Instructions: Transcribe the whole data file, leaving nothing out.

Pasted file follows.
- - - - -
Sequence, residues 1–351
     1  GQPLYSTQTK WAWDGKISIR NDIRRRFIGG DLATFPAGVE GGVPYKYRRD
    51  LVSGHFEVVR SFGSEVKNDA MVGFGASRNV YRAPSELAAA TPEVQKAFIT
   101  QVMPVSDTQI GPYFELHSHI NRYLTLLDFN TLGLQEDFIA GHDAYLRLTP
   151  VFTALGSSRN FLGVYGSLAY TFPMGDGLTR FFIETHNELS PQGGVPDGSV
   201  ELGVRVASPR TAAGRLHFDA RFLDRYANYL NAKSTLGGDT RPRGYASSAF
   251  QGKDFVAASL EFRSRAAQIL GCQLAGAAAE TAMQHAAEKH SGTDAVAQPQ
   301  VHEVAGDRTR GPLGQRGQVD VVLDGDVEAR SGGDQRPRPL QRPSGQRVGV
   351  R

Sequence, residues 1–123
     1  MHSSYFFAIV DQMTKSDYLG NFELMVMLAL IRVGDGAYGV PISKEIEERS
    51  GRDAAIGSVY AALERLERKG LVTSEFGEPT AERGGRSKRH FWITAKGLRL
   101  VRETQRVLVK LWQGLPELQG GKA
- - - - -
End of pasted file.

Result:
Sequence, residues 1–351
     1  GQPLYSTQTK WAWDGKISIR NDIRRRFIGG DLATFPAGVE GGVPYKYRRD
    51  LVSGHFEVVR SFGSEVKNDA MVGFGASRNV YRAPSELAAA TPEVQKAFIT
   101  QVMPVSDTQI GPYFELHSHI NRYLTLLDFN TLGLQEDFIA GHDAYLRLTP
   151  VFTALGSSRN FLGVYGSLAY TFPMGDGLTR FFIETHNELS PQGGVPDGSV
   201  ELGVRVASPR TAAGRLHFDA RFLDRYANYL NAKSTLGGDT RPRGYASSAF
   251  QGKDFVAASL EFRSRAAQIL GCQLAGAAAE TAMQHAAEKH SGTDAVAQPQ
   301  VHEVAGDRTR GPLGQRGQVD VVLDGDVEAR SGGDQRPRPL QRPSGQRVGV
   351  R

Sequence, residues 1–123
     1  MHSSYFFAIV DQMTKSDYLG NFELMVMLAL IRVGDGAYGV PISKEIEERS
    51  GRDAAIGSVY AALERLERKG LVTSEFGEPT AERGGRSKRH FWITAKGLRL
   101  VRETQRVLVK LWQGLPELQG GKA